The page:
The motorist and the multi-ton death trap they adore is a somewhat different prospect. Instead of targeting the locking mechanism that ensures the motorist‘s false propriety over their commodity-identity’s material basis, the target is instead the very functioning of this mechanized monstrosity. Beneath the chassis of the vehicle, an essential component is seated, exposed and readily accessible: the catalytic converter. Without it, the vehicle is useless. A skilled operator can identify, target, and extract the catalytic converter in a mere matter of minutes, disappearing again well before anyone would have noticed. In all likelihood, the sabotage would only be noticed during the following morning. The motorist, intending to step into their role as commuter via the commute as the necessary pre-condition to realize all other roles, would find the usual choke of an engine turn-over missing, instead replaced by a tremendous, startling roar. In the vacancy created by the catalytic converter’s absence, wild nature howls and the euphoric laughter of the fallen wild’s spirit fills the early morning air. The motorist is denied the ritual of the commuter‘s realization. All other identities that flow from the commuter are denied, too, aborted before coming to term in the commuter‘s absence. Like the cyclist before, in the robbery of the motorist, the gift of possibility is endowed: a life beyond economic exchange, an escape from the poverty of bare life into the freedom of self-creation.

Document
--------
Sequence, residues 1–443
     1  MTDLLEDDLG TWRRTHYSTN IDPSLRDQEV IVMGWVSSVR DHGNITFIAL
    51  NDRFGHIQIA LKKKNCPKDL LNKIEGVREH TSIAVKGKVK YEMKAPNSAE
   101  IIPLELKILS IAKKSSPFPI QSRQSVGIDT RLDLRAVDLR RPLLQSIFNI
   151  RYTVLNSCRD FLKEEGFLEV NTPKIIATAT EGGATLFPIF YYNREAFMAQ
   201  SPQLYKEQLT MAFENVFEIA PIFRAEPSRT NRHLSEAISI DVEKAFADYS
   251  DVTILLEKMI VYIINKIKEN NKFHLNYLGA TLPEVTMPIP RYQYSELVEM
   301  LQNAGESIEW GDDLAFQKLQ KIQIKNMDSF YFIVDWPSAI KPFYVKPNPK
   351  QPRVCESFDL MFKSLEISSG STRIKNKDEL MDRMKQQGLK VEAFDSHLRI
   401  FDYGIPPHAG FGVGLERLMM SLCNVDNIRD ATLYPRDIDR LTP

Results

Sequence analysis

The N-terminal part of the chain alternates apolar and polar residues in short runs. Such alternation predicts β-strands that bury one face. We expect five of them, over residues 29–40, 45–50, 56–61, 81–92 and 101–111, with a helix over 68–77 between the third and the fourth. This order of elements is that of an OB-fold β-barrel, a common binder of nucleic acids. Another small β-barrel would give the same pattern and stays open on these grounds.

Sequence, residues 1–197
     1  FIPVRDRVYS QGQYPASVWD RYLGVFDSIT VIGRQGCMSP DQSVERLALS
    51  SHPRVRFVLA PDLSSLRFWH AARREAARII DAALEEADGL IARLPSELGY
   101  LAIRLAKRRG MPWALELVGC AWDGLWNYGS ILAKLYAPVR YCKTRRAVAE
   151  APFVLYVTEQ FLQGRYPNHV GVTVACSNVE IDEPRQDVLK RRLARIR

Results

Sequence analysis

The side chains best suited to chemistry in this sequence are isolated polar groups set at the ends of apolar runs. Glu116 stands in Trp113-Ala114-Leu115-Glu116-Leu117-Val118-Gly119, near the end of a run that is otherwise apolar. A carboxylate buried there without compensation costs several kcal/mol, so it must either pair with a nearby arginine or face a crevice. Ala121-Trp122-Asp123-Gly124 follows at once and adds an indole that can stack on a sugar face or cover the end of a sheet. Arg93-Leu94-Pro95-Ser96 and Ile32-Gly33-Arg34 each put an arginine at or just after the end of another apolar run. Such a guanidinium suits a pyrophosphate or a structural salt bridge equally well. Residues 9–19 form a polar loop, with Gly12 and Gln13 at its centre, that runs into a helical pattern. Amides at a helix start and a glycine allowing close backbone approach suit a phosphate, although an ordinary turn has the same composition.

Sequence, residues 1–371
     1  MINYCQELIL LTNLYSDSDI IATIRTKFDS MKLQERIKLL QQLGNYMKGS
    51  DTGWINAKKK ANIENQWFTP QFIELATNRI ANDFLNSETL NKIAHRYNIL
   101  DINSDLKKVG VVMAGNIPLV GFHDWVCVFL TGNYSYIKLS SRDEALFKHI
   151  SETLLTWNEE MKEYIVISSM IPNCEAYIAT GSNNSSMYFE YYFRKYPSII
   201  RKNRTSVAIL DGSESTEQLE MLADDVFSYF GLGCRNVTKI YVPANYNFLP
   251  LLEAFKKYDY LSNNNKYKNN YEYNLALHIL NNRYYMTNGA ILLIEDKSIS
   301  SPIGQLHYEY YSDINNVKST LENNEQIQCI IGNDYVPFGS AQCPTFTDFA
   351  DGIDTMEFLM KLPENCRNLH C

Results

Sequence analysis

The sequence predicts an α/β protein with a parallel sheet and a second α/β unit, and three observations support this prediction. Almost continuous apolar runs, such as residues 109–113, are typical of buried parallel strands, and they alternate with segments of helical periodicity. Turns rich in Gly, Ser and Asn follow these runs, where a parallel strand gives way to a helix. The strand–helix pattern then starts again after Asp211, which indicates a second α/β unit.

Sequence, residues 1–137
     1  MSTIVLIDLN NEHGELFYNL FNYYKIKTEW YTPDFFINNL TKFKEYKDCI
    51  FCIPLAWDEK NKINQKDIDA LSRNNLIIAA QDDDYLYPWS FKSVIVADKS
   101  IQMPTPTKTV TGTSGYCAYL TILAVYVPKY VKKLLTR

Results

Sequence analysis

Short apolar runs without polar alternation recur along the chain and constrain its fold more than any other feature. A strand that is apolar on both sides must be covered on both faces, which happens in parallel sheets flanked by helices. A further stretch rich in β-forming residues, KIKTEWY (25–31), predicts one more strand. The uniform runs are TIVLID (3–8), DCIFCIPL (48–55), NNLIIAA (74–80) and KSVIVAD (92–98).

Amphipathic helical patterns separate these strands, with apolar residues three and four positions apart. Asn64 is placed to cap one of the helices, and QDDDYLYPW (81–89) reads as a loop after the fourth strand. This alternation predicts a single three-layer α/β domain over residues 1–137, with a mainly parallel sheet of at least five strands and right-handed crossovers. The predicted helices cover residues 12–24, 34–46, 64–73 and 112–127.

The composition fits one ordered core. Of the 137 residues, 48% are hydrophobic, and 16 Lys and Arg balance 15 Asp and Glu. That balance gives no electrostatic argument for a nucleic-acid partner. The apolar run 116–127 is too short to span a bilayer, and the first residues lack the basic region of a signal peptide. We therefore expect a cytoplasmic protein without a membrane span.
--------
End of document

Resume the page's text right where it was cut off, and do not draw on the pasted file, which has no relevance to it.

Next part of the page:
Finally, with every subversion of commuter-identity — each stolen bike, every scrapped catalytic converter — a unique material reward is found.